Help or Harm? Rethinking Common Surgeries

What if a straightforward medical procedure you had as a child could drastically increase your risk of health complications far into the future? Tonsillectomies, adenoidectomies, and adenotonsillectomies, which are surgeries commonly performed on young patients, are often meant to treat or eliminate breathing problems or middle-ear infections. However, they may ultimately do more harm than good.


Stephen Stearns, a professor of Ecology and Evolutionary Biology at Yale University, along with colleagues Sean Byars from the University of Melbourne and Jacobus Boomsma from the University of Copenhagen, evaluated the long-term health risks of such surgeries for children nine years old or younger. Using information from the Danish Health Registry, the researchers found that young children who have these surgeries are more likely to suffer from upper respiratory diseases, infectious diseases, and allergy-related diseases later in life.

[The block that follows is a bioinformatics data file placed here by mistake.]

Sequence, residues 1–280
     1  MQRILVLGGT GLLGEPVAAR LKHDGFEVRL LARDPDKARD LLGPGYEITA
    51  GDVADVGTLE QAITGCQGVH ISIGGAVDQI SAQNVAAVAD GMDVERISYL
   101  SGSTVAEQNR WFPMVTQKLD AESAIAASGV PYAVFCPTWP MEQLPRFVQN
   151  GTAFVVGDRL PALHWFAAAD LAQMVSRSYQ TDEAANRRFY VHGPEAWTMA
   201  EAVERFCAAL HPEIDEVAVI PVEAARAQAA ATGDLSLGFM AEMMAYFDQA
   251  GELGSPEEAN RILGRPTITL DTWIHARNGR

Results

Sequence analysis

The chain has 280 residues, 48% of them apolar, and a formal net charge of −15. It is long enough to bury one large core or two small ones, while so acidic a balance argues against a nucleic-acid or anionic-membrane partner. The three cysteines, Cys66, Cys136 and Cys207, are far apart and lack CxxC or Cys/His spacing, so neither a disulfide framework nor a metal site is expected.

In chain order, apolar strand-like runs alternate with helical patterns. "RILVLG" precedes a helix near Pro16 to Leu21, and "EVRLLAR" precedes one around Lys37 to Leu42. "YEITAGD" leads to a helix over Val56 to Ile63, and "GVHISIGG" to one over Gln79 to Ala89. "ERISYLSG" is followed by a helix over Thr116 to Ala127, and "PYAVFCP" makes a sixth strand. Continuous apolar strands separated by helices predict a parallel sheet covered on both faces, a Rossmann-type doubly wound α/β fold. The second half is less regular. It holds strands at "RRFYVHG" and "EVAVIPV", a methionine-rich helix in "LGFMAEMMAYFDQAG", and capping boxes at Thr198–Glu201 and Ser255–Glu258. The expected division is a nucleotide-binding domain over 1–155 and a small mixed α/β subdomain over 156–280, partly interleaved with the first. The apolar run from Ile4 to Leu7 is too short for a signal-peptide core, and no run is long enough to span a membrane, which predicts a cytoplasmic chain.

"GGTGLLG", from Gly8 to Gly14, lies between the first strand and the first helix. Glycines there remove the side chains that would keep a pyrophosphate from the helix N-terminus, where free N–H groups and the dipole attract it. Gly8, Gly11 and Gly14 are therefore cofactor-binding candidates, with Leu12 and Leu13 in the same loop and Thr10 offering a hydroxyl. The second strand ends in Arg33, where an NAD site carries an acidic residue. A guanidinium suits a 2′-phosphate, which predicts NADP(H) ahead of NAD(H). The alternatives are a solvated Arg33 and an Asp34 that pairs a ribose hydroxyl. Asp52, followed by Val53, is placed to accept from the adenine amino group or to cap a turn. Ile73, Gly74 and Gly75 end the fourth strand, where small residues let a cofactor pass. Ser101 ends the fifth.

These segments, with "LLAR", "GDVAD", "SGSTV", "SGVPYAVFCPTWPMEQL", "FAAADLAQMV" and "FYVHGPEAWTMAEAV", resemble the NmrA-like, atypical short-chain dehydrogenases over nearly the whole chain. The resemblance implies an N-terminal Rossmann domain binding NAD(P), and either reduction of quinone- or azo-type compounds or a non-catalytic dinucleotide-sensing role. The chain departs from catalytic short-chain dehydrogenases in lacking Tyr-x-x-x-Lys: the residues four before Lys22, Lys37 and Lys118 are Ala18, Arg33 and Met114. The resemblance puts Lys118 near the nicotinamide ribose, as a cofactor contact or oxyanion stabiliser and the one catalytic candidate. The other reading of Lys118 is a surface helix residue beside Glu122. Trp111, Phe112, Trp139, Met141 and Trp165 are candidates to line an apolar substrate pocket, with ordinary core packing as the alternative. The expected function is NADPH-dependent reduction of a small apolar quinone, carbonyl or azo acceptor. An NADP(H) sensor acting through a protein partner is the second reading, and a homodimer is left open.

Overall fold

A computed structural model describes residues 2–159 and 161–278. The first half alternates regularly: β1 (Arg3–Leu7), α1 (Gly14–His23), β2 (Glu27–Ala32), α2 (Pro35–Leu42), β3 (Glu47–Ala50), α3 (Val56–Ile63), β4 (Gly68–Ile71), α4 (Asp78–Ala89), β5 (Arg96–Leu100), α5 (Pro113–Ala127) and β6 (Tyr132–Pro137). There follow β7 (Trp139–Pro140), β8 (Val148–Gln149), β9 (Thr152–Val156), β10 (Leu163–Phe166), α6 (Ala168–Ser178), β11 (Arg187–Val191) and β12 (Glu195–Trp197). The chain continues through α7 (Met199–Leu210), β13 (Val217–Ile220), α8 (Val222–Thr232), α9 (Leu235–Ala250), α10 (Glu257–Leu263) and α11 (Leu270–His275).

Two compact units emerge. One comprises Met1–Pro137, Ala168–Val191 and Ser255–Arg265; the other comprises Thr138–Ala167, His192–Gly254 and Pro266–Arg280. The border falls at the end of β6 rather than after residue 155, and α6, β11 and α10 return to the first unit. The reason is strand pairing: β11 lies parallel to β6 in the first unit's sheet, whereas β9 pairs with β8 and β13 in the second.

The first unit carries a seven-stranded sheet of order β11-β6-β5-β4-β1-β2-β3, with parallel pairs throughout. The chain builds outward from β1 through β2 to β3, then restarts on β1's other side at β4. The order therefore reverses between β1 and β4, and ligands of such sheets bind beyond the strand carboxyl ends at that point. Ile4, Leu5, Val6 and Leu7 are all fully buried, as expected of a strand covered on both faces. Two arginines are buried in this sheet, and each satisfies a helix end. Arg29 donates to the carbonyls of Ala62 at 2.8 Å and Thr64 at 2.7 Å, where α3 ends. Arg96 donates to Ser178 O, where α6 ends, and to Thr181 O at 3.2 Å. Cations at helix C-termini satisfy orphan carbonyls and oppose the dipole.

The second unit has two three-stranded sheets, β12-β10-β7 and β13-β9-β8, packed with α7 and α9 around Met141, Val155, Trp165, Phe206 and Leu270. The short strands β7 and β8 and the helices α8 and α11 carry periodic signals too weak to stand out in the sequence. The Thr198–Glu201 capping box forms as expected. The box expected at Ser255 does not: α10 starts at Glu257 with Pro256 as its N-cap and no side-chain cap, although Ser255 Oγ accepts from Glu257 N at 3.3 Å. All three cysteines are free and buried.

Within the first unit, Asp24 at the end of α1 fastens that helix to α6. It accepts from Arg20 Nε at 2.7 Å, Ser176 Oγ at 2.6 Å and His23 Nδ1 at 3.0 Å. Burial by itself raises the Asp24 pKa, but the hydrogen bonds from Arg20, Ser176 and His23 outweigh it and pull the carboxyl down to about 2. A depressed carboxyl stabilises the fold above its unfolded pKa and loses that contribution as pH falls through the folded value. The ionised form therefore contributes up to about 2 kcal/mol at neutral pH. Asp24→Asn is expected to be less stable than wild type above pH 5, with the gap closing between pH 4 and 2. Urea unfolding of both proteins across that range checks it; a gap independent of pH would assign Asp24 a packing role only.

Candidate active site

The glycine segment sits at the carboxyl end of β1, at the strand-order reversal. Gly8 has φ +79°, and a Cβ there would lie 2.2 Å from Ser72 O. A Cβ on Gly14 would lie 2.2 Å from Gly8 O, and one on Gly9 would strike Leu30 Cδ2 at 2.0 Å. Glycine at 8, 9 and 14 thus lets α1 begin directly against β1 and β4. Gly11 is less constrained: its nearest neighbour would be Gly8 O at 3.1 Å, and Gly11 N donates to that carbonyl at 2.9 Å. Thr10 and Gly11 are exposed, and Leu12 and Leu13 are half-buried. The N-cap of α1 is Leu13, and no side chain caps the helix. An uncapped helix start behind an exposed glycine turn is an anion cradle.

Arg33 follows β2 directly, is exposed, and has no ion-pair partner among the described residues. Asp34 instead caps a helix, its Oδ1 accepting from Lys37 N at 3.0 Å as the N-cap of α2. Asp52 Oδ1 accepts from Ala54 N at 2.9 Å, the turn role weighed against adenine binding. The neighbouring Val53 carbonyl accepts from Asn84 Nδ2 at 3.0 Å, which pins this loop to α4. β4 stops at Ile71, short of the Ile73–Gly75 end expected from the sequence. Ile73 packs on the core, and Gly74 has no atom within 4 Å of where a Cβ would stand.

The most significant increase in risk is seen in that of upper respiratory diseases; those who received a surgery of interest in the first nine years of their life are about two to three times more likely to contract an upper respiratory disease than their peers.


Although this is a shocking number, it may not be a call to ban these surgeries. “I think what this paper really does is reinforce something that otolaryngologists had already been doing to a certain extent, and that is watchful waiting,” said Stearns. The scientists who conducted this research hope that increasing awareness of the hidden risks associated with these surgeries will encourage physicians to more carefully consider the removal of these valuable organs.